- The Washington Times - Wednesday, November 7, 2012

ANALYSIS/OPINION:

Morning-after pills can be hard to swallow, especially when election results raise new unanswered questions among winners and losers.

First, who will the Democratic Party appoint to fill the now-vacant at-large seat of D.C. Council Chairman Phil Mendelson?

Second, will any of Tuesday’s losers run in 2013 or, for that matter, 2014?

Third, by the time the Easter Bunny starts hopping around, D.C. voters will return to the polls to elect a permanent at-large council member for Mr. Mendelson’s seat, meaning the body’s racial breakdown could change.

Formalities, for now, include counting absentee and special (or provisional) ballots, followed by the Board of Elections‘ certification of the Nov. 6 preliminary results and a resignation letter from Mr. Mendelson, who will have to step down as an at-large Democrat before he can assume the chairman’s post.

“The board is expected to certify results on Nov. 27,” Ken McGhie, the board’s general counsel, said Wednesday. “Once the board gets the letter of resignation, a meeting will be scheduled for a selection date for the special election. That will probably be in either March or April.”

But what of real, Mitt Romney-like change?

It was hardly newsworthy that the District’s three Electoral College votes were colored blue, the only crayon color D.C. presidential voters have ever used since the Kennedy-Johnson era.

Is skin color in local elections a different sort of issue?

If the D.C. Democratic Party chooses a white candidate to keep the Mendelson at-large seat warm until the special election, then the council will have a larger majority of white members.

Racial makeup of the council really shouldn’t be an issue, said Denise Rolark Barnes, a native Washingtonian and publisher of the city’s premier black newspaper.

Candidates’ “grasp of the issues should matter,” Mrs. Barnes said.

“Race doesn’t always dictate that a candidate understands the issues,” she explained, citing unemployment, housing, education and the overall economy in Wards 5, 7 and 8. “I think it matters in the Ward 8 communities that up until recently the voters were not fully engaged in the role of politics.”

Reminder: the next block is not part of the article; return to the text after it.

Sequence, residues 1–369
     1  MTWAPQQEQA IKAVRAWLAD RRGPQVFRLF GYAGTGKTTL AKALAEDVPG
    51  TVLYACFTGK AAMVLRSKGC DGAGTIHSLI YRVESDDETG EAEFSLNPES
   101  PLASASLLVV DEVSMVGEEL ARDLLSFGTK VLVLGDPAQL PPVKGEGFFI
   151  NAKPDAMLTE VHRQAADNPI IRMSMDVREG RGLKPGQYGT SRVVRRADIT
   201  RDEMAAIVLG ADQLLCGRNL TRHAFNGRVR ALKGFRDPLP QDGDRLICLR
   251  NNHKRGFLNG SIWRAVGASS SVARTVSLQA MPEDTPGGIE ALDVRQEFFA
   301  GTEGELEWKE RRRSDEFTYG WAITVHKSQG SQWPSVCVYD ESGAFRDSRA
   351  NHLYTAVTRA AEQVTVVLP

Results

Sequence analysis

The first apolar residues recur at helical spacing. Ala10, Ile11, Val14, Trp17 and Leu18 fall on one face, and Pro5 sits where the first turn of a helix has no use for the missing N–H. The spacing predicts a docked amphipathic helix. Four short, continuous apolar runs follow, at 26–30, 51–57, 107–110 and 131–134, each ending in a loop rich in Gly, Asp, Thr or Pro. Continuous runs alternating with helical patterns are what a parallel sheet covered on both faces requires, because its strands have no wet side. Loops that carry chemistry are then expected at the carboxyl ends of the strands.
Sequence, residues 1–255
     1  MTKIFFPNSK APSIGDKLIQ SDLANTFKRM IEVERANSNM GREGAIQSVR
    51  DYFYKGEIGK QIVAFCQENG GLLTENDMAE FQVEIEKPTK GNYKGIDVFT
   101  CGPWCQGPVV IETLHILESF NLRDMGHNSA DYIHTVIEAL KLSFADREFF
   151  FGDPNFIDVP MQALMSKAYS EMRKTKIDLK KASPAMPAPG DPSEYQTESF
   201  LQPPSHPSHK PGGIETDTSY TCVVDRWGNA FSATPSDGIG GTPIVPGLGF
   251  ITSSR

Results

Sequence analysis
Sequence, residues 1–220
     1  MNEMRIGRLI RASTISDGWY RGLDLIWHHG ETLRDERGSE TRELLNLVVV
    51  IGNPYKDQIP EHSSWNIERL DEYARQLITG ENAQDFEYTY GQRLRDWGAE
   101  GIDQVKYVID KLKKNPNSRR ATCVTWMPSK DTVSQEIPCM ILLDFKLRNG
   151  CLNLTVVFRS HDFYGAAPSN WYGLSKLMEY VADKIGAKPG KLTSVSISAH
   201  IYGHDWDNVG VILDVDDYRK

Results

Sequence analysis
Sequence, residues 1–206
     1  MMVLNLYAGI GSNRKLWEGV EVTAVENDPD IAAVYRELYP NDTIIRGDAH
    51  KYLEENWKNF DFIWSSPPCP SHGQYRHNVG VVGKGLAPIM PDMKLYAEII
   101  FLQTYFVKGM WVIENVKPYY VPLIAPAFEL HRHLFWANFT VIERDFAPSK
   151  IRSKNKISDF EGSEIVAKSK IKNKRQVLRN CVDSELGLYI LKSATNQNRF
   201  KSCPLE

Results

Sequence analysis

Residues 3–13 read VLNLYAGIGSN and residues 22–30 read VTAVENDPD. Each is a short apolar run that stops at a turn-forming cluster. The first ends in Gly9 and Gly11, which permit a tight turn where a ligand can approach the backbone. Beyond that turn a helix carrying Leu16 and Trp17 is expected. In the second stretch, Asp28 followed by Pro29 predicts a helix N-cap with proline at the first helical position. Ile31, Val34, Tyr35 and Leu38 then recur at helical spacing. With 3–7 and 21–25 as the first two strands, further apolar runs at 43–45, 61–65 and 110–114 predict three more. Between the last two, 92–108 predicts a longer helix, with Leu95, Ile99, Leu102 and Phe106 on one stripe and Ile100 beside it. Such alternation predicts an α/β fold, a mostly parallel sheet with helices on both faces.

In other words, Chocolate City has become more latte and middle-class-like.

For those unfamiliar, Ward 8 is Marion Barry territory and home to a new generation of first-time homeowners and self-sufficient renters, as well as some of the most poverty-stricken blocks in the city. These are the voters who could not be ignored during the last three citywide races, and were not ignored.

Yet, Michael A. Brown, who always tended to the least, the lost and the last, failed to get over the hump Tuesday, losing a black-held seat to a white newcomer.

“The electorate would prefer someone who looks like them, especially in the District, where folks have written the Chocolate City concept,” said Mrs. Barnes, who moderated several candidate forums this year. “There is uncertainty about what this means for them, but [demographic changes show] there is a high percentage of homeownership and that can make voters feel comfortable and look beyond skin color.

“My gut tells me that it does not matter,” she added.

Names to watch: Yvette M. Alexander, the aforementioned Mr. Barry and Mr. Mendelson, Muriel Bowser, Jack Evans and Vincent B. Orange all won their respective council races; and Delegate Eleanor Holmes Norton, who retained her seat in Congress and has faced only minimal opposition since 1990 — are Democrats who presumably will continue leaning forward during these so-called “post-racial” times.

Yet, with all the incumbent victories, the future direction of the District remains as uncertain as ever.

D.C. voters should perhaps start asking themselves tougher questions, such as, Does home rule even matter anymore?

Deborah Simmons can be reached at dsimmons@washingtontimes.com.